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From "Kevin Menard" <kmen...@servprise.com>
Subject RE: ROP listener semantics
Date Tue, 26 Feb 2008 18:42:51 GMT
> -----Original Message-----
> From: Andrus Adamchik [mailto:andrus@objectstyle.org]
> Sent: Tuesday, February 26, 2008 1:20 PM
> To: user@cayenne.apache.org
> Subject: Re: ROP listener semantics
> 
> Per my other reply to a similar question, there are no callbacks or
> listeners on the client at all (and for that matter they do not work
> with nested contexts either - only the topmost parent context's object
> events will cause mapped callbacks to fire).

This is a bit surprising to me, because I think that they do work.  For
my server class hierarchy I have one base class that I've made implement
LifecycleListener.  I've done the same for the client classes.  In the
modeler, I mapped each of these classes as listeners at the DataMap
level.  I couldn't get it to just acknowledge that these were listeners
based on the interface, so I mapped the pre-persist methods for each.

I then fired up the server in a debugger and a client in the debugger.
Accessing a simple CRUD page in the client, both pre-persist methods
were entered: the base server class one and the base client class one.

> While this is consistent, it is far from user-friendly. The problem is
> not technical (it is easy to invoke callbacks anywhere), but rather a
> design one. My assertion is that callbacks and listeners will likely
> be very different between the layers. In your example for instance, it
> wouldn't make sense to set the 'creation_date' via a callback twice.
> This in turn presents a challenge in mapping callbacks in the modeler.
> This task is hard as is (I just tried to remap my manual callbacks
> using M3 Modeler... not easy at all ... we may need alternative UI for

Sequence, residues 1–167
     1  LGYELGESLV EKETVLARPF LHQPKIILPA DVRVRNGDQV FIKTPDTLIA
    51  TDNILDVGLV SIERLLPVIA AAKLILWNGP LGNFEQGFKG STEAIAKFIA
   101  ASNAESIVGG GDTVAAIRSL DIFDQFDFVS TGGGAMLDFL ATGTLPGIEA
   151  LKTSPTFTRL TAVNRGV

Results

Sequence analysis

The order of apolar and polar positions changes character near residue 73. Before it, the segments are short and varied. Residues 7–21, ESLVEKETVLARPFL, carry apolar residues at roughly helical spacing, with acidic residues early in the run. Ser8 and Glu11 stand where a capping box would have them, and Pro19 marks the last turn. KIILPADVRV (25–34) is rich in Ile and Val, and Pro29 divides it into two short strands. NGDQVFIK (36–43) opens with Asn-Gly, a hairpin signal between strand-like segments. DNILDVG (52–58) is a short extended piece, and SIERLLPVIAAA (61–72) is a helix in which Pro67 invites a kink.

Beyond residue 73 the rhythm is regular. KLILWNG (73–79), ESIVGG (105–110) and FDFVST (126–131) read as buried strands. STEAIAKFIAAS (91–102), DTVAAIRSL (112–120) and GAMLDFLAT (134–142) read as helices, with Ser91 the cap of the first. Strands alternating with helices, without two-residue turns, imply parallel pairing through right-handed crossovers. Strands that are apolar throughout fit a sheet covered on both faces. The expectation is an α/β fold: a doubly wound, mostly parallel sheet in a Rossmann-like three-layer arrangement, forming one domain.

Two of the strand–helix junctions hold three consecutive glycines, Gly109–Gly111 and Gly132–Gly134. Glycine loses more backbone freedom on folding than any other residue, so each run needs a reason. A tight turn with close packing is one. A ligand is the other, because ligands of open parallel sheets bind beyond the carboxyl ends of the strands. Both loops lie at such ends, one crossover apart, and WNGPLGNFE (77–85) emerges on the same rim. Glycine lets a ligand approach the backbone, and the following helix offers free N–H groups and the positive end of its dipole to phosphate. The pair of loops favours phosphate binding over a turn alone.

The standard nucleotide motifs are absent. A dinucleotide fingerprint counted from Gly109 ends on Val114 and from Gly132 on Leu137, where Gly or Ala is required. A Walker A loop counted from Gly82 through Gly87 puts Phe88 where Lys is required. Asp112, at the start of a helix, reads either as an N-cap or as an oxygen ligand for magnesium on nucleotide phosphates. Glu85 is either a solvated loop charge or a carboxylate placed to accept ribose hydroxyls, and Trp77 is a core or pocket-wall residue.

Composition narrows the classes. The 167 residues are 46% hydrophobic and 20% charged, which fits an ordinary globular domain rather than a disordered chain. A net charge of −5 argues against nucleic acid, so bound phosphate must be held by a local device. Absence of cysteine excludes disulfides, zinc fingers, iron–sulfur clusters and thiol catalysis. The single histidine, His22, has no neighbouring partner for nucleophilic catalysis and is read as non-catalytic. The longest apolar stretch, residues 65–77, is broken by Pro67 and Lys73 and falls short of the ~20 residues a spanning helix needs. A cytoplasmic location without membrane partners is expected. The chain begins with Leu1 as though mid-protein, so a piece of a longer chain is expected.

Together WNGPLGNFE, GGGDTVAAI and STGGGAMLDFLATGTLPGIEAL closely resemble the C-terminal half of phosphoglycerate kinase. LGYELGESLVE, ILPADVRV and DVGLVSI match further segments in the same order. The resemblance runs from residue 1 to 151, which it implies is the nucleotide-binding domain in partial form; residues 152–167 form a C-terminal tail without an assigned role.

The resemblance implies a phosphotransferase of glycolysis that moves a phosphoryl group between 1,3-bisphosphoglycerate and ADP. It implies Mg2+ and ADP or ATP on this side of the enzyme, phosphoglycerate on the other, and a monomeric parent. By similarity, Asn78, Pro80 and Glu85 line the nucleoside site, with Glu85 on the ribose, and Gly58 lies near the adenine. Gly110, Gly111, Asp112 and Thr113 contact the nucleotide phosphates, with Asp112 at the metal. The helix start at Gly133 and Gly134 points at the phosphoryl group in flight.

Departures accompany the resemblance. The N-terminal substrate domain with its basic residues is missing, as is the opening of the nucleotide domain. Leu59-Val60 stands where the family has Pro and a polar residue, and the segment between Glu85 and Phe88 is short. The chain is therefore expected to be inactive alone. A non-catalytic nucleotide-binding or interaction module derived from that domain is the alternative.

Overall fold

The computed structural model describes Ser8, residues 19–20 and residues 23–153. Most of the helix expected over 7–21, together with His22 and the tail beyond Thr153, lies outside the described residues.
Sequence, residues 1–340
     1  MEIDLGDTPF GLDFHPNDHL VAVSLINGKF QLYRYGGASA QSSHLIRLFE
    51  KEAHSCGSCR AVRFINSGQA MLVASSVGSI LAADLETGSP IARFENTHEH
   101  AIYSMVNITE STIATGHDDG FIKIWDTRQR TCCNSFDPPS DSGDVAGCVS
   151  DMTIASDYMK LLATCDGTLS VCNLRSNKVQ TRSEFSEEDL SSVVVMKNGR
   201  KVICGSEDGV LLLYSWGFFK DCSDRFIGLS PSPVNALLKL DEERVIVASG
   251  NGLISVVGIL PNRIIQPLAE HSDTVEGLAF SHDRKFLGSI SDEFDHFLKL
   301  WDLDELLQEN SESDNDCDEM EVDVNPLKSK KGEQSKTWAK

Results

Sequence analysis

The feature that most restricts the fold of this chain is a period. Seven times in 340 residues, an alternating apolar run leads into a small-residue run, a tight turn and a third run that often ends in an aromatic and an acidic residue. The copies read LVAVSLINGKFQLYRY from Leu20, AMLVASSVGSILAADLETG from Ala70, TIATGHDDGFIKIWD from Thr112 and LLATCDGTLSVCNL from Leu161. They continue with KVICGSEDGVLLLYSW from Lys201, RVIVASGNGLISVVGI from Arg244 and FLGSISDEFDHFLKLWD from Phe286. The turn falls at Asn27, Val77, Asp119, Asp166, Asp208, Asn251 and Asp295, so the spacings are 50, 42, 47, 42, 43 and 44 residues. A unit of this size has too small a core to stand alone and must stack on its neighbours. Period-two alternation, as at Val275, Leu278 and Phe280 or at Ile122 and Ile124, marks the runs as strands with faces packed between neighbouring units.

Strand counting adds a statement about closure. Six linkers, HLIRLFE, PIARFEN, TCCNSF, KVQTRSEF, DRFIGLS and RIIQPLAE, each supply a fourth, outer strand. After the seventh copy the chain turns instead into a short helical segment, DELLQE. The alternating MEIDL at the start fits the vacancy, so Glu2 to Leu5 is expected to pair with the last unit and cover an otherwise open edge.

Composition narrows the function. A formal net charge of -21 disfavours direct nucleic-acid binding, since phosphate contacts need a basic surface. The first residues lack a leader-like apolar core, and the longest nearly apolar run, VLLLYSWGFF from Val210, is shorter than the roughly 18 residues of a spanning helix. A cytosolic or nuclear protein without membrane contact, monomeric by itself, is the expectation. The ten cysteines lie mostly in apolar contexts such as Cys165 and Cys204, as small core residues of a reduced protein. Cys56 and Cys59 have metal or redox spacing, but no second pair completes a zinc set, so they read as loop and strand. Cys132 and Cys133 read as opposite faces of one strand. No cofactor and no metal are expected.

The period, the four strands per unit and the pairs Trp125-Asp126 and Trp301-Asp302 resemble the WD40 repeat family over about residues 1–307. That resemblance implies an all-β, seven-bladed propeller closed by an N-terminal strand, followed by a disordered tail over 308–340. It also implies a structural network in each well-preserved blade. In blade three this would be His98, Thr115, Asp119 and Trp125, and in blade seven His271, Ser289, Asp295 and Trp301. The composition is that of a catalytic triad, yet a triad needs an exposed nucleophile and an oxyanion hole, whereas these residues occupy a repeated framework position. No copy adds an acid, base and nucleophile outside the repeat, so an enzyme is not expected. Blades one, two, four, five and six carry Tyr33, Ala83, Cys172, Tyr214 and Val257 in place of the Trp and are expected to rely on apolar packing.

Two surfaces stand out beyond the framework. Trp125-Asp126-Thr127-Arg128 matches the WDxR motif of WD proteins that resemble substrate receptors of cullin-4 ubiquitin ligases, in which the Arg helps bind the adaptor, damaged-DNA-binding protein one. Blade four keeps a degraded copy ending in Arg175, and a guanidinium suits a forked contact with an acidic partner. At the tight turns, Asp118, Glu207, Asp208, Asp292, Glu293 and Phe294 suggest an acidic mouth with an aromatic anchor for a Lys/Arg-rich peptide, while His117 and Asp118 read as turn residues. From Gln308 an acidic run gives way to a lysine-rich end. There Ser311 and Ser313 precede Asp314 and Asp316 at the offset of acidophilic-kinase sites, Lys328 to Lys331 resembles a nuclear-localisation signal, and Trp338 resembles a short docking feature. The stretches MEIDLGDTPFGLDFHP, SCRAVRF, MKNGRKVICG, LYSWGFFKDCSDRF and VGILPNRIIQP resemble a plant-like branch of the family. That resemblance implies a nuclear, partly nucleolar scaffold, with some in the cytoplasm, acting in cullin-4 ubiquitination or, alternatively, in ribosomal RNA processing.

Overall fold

> that task). If we'd have to map two separate sets of callbacks, client
> and server, things will get even messier.

Perhaps what I'm seeing is environment related then.

I think if the semantics of execution order are well-defined, it's not
as big a problem.  If I can be assured that the server will execute and
the changes will end up reflected in the client, then that's good enough
for me.  I can then use the client listeners for executing stuff that
really only belongs to the client.

I do agree that mapping two different sets of callbacks is going to be
messy.  I'd probably keep the same UI but have a checkbox or something
for client versus server.  Where it will likely start getting tricky is
when we can finally use a single class hierarchy for server & client.

> As a quick fix I was thinking of enabling manual callbacks and
> listeners on the ROP client, but still avoid exposing server callbacks
> on the client.

Agreed.  But, I'd like to avoid anything that makes unification of
server & client hierarchy a harder task than it already is.

> > Moreover, any modifications made at the server
> > level will be reflected back in the client?
> 
> This is actually a separate issue from callbacks/listeners. And we
> need to fix it .. badly... The object diff exchange protocol supports
> sending server-side changes back to the client (and in fact we are
> using that - for generated primary keys), but we also need to capture
> and send back the changes that happened to objects as a result of
> callbacks. IMO this is a major task that we'd rather do sooner than
> later.

Gotcha.  In this example, it looked as if the changes were sent back.  I
haven't looked into enough to see if I just did a refresh query
somewhere along the way though.

We can take the rest of the discussion to the dev list I guess.

-- 
Kevin

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